Standing in the middle of a job site, I gather my tool bag for the task ahead. Looking around, the multi-family development of cottages and townhomes is the perfect snapshot of a residential building site. Several structures are in different stages of completion; the project is behind schedule.
One architect's experience building with the Build SMART system
For readers that have been in energy efficient construction for a while now, you will probably relate to Tim McDonald's experience. When he got his Passive House certification in 2008, the process was, "from scratch in all ways." In our recent interview, Tim had this to say about some of his early work on energy efficient buildings. "I had to think through the most effective way to design the thermal envelope, the air barrier and the weather resistant barriers. I had to figure out the details of how a window joined with the wall so that it not only shed water but maintained the air tightness of the thermal envelope."
Multi-family building demonstrates a simple and easy recipe to achieve Passive House levels of energy efficiency.
You're probably not going to believe this story. But it's true. All of what follows is true.
It admittedly may sound like a stretch that building a multi-family structure to Passive House standards can be done not only at market rate (or better) compared to conventional construction, but also with a method that saves time and money, and is simple to implement.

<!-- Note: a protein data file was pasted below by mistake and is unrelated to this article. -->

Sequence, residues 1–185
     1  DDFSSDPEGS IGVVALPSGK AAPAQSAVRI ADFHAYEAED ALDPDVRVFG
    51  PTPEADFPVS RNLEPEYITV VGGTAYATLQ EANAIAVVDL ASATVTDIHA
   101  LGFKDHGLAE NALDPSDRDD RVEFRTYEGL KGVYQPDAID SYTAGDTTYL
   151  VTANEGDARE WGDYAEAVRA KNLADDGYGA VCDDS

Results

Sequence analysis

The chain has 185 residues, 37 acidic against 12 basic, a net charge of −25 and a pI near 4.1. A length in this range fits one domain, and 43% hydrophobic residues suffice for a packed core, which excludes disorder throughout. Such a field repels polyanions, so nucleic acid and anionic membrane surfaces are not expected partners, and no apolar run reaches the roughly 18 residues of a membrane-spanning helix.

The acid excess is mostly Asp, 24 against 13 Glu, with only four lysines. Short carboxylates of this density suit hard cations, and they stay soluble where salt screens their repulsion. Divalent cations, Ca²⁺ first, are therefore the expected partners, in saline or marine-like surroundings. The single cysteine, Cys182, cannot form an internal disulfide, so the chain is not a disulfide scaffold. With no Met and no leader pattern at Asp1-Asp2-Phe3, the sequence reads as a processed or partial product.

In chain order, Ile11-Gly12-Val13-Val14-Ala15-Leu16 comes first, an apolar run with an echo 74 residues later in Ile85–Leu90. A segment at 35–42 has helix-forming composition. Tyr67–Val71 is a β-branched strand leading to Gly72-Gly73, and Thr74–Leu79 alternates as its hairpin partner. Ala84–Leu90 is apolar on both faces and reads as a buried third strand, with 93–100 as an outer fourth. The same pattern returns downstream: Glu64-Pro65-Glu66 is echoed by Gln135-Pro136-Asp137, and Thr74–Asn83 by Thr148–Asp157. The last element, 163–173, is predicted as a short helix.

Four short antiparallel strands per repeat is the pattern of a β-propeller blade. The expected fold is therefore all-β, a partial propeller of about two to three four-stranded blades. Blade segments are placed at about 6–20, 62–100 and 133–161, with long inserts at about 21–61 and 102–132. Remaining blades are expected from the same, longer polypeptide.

But living proof of that model exists in a 52,781-square-foot, 49-unit structure called Whitehall in Spring City, Pa., that's effectively debunking many commonly held notions about building green, or building to Passive House standards of extreme energy efficiency.
Multi-family passive house structure in Pennsylvania to give veterans the homes they deserve.
Forty-nine apartment units in a three-story building called Whitehall in Spring City, Pa., will soon provide U.S. war veterans with housing that’s safe, comfortable and affordable.
The complex, about 30 miles northwest of Philadelphia, will also meet one of the world’s most exacting energy performance standards, called Passive House, which will result in extremely low energy bills for the occupants when it opens in March 2017.